I was a little surprised to see an extensive article in today’s Arkansas Democrat-Gazette about the effort to get the entire 8th U.S. Circuit of Appeals to hear an appeal of a three-judge panel’s decision refusing to force four Arkansas school districts to participate in the state’s open-ended school transfer plan.

In the case: Camden Fairview, Hope, Lafayette County and Junction City have been upheld by a district court and the 8th Circuit panel in arguing that their federal court desegregation plans exempt them from forced school choice participation under Arkansas law. School choice would contribute to the flight of white students to neighboring districts, they argued successfully.


It is a matter of routine, particularly for well-funded parties like the state of Arkansas, to seek so-called en banc review of cases they lose, as had already happened in this case and been reported Feb. 18 by the Arkansas Democrat-Gazette. Such requests are rarely granted, though it’s not unheard of.

So what’s different today? A friend of the court brief has been filed by Arkansas Learns, the Walton- and assorted-millionaire-funded nonprofit that lobbies for charter schools, school vouchers, school transfers no matter the segregative effect and other parts of the Walton school “reform” philosophy.


Friends of the court briefs are routine. Dozens have been filed in high-profile Arkansas cases, generally with little notice from the state’s sole remaining major news”paper.”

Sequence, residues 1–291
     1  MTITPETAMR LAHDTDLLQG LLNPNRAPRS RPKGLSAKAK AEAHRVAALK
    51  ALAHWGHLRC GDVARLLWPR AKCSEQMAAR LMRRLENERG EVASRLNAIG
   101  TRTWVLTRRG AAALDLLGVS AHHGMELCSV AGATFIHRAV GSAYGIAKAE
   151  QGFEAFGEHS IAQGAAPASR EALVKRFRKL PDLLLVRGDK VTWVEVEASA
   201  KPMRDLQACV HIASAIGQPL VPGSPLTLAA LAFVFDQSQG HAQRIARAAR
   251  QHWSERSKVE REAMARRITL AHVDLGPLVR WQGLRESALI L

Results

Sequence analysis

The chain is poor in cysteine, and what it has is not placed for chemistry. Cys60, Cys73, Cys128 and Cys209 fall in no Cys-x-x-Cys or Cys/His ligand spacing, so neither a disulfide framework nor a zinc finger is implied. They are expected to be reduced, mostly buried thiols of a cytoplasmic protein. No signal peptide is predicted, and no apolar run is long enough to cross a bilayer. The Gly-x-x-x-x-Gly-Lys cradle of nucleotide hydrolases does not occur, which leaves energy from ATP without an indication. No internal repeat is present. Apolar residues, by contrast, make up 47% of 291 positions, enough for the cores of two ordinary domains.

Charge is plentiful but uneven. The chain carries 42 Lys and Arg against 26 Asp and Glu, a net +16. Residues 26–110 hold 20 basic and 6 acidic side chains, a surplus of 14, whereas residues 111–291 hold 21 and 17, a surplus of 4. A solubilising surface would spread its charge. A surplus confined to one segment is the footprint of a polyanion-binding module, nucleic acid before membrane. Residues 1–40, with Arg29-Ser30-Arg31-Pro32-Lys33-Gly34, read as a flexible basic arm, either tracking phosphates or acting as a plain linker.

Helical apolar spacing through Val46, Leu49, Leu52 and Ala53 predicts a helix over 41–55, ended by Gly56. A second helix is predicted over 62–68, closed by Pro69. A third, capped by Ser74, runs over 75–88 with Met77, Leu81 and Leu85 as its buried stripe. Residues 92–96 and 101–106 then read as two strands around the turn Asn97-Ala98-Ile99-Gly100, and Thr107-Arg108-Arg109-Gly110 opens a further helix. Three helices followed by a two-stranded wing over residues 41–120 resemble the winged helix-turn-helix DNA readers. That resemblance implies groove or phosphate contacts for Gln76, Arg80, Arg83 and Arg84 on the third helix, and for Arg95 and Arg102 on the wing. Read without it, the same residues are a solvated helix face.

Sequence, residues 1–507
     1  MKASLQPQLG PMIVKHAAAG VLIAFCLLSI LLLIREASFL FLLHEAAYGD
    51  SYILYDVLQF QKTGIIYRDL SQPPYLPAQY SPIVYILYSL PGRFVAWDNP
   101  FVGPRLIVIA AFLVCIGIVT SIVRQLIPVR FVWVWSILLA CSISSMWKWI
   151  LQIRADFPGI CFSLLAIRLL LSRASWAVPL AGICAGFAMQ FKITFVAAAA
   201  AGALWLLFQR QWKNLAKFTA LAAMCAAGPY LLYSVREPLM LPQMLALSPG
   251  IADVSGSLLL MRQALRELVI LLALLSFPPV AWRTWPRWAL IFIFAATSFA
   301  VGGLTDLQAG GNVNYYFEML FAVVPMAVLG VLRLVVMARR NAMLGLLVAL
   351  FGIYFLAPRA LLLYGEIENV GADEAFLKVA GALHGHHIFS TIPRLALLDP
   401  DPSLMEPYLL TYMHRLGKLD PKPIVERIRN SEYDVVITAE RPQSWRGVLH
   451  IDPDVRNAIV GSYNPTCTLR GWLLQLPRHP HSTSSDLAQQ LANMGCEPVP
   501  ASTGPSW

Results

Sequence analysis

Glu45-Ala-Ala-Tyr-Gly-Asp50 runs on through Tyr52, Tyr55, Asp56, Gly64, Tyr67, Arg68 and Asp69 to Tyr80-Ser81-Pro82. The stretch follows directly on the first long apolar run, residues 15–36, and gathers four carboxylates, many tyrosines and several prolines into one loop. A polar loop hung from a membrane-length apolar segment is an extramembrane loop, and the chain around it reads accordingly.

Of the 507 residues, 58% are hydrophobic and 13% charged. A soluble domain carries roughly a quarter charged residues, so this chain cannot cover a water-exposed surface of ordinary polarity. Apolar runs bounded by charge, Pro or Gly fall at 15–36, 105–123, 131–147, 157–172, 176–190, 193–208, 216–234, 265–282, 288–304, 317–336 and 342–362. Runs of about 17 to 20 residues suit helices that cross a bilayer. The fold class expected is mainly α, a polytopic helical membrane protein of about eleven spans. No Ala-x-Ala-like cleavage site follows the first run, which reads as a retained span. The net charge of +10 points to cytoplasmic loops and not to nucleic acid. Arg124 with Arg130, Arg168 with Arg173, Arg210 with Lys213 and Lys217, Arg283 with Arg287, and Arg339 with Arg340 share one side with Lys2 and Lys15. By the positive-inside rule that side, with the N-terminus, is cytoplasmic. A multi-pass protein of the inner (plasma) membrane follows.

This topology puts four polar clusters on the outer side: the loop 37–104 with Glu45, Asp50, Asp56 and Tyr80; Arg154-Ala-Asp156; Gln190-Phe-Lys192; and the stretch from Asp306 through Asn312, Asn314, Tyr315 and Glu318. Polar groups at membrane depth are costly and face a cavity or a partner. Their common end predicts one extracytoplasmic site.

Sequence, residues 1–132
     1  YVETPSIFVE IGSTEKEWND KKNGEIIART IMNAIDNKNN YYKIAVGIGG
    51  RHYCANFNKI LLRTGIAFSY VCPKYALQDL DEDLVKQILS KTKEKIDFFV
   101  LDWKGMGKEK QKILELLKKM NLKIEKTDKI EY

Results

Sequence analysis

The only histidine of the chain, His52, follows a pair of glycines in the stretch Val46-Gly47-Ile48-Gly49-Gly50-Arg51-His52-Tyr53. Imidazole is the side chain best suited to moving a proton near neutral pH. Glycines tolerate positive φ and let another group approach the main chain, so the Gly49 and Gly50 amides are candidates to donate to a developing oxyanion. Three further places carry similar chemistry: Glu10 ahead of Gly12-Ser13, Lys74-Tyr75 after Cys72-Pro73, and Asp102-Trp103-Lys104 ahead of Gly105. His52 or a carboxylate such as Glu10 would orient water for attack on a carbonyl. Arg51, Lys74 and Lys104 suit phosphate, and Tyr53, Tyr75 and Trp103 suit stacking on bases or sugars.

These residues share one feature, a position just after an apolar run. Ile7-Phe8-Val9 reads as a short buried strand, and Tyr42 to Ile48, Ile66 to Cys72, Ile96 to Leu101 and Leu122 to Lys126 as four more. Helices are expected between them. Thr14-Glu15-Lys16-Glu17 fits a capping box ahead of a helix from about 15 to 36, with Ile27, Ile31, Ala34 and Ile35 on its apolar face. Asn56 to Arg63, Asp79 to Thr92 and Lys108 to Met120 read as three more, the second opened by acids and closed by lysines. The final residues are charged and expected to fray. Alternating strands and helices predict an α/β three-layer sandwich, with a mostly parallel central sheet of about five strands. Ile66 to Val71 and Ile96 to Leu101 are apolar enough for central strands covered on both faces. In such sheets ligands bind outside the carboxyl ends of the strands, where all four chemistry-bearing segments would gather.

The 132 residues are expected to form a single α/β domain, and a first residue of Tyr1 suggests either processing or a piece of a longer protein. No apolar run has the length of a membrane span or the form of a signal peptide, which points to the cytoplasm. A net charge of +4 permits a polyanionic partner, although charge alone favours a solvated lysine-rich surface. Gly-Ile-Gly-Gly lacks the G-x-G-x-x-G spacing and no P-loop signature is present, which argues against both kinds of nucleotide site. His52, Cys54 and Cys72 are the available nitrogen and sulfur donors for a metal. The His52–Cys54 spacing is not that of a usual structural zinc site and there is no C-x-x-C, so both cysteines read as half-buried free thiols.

But Arkansas Learns is special, as evidenced by the frequency with which it is sought for an opinion in D-G news stories.


Note now the boilerplate used in the D-G to describe this organization, whose leader  is Gary Newton. His professional passions include a shared antipathy with the D-G editorial page to the Little Rock teachers association.

Arkansas Learns is a nonprofit organization that advocates for school-choice options to empower parents to choose the best learning environments for their students to produce better educational outcomes.

I await the day the NAACP is routinely identified with a similar number of words each time it appears in the D-G:

The NAACP is a civil rights organization working to secure political, educational, social, and economic equality to eliminate race-based discrimination and ensure the health and well-being of all.

Or the Arkansas Education Association. What if, instead of a sneering “teachers union,” the D-G wrote routinely:

The AEA is a professional organization working for quality and equitable public education for all Arkansas students, better schools and quality working conditions for educators.

There’s another thing you could say about Arkansas Learns, and perhaps the newspaper should say it on occasions such as today’s article:

  1. Walter Hussman, the owner and publisher of the Arkansas Democrat-Gazette, is chairman of Arkansas Learns, which Newton leads. (Or he was in the most recently filed tax return for the organization, for 2018.)
  2. Walter Hussman, the majority owner and publisher of the Arkansas Democrat-Gazette, is a director of Arkansans for Education Reform according to its 2018 tax return, which noted that it paid Newton more than $249,000 in salary and benefits and also contributed $15,000 to Arkansas Learns.

The newspaper regularly reflects the bent of Newton/Arkansas Learns in its editorial pages. That, of course, is the publisher’s prerogative and unsurprising. Do those proclivities leak into the news columns? You tell me.


CHAIRMAN OF THE BOARD: At Arkansas Learns, it has been Democrat-Gazette publisher Walter Hussman.

DIRECTING SPENDING: At Arkansans for Education Reform, the directors have included D-G publisher Hussman.